Comedy, Drama, Films, Recommended posts, Reviews, South Korea

A Dynamite Family

A makeshift mob of mismatched siblings learn the value of family ties the hard way…

Korean director Jeon Hyung-joon makes his debut with A Dynamite Family, a comedy drama that deals with the familiar theme of warring siblings learning lessons about life and family. Thankfully Jeon has a few tricks up his sleeve, and the film turns out to be a little more unpredictable than expected.

The family of the title is made up of Soo Kyo (Yoon Sang-hyun, I Hear Your Voice), Soo Guen (2PM’s Hwang Chan-sung), Soo Jung (Kim Ji-min, Assembly), Dong Soo (Song Sae-byuk, A Girl at My Door) and Hyun Jung (Lee Ah Lee, Miss Staff Sergeant), who are brought together when their mother and father marry. Although all would rather have nothing to do with each other, they’re forced to pull together when their parents go missing, and travel to their small rural hometown to look for clues regarding the disappearance. Despite their constant feuding the five soon manage to turn up a few clues, helped by a local cop (Lee Kwang-soo, Confession) trying to track down a killer who has struck several times in the area.

Clearly, for the most part the plot of A Dynamite Family has little to differentiate it from that of a number of other suspiciously sounding other Korean films, Song Hae-sung’s Boomerang Family in particular. However, as the last line of the above synopsis suggests, Jeon Hyung-joon does take the film to an extent at least in a different direction, and though not as boldly unconventional as Lee Kwon’s My Ordinary Love Story, there’s enough here to make it far more enjoyable than it might have been. Without giving too much away, after an unambitious first half hour the film increasingly mixes a variety of genres, from comedy and drama through to murder mystery, building to a pleasingly left field final act. While the script isn’t quite up to the task of keeping things particularly coherent, the tone veering randomly at times, Jeon generally manages to keep the viewer interested, and the film succeeds in raising a few laughs when it tries, hits the odd emotional beat here and there, and even manages a couple of shocks and grim moments along the way – as well as winning extra points for avoiding the usual slide into tears and saccharine melodrama.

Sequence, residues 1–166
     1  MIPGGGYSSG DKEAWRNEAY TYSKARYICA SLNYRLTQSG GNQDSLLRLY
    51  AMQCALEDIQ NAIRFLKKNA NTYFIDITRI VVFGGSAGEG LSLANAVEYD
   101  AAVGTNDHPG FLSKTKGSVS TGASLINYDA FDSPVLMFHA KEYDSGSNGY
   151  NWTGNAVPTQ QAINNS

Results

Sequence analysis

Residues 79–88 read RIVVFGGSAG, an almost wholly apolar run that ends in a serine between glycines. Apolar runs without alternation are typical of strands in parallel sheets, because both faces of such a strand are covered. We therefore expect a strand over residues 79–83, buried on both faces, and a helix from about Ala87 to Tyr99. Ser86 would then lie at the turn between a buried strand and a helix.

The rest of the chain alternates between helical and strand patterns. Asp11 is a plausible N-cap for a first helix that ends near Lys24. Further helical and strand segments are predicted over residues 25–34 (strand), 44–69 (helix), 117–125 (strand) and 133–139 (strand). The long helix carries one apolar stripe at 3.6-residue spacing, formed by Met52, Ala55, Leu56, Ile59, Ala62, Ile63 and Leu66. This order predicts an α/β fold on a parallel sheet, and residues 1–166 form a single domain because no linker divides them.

For any film of this kind, the chemistry between the ensemble cast members is of crucial importance, and on this level A Dynamite Family scores highly, the five leads all playing well off each other and convincing as squabbling kinfolk who, initially at least, genuinely don’t like each other. Some offbeat character writing helps considerably, with most of the lead five having at least one strange revelation during the course of the film. The cast all do their part to inject a little depth and charisma to their roles, with Song Sae-byuk and Lee Ah-lee coming off best and getting the best lines as the two most colourful of the bunch, an angry, tattooed young man who may or may not be a thug and a shrill, often drunk girl with a similarly bad temper and a liking for inappropriate clothing.

Though there’s nothing here to make A Dynamite Family particularly memorable, it’s an entertaining hour and forty minutes of fun and intrigue that’s far better than its rather mundane poster and premise might suggest. It’s a solid first outing for Jeon Hyung-joon, who does at least try to do something a bit different with the form, and though only a modest success the film suggests interesting things from him in the future.

A Dynamite Family is available through YesAsia.

About the author

James MudgeJames Mudge James Mudge
From Glasgow but based in London, James has been writing for a variety of websites over the last decade, including BeyondHollywood in the US and YesAsia in Hong Kong. As well as running film consultancy The Next Day Agency, James is also the Festival Director of the Chinese Visual Festival in London, an annual event which showcases Chinese language cinema... More »
Read all posts by James Mudge

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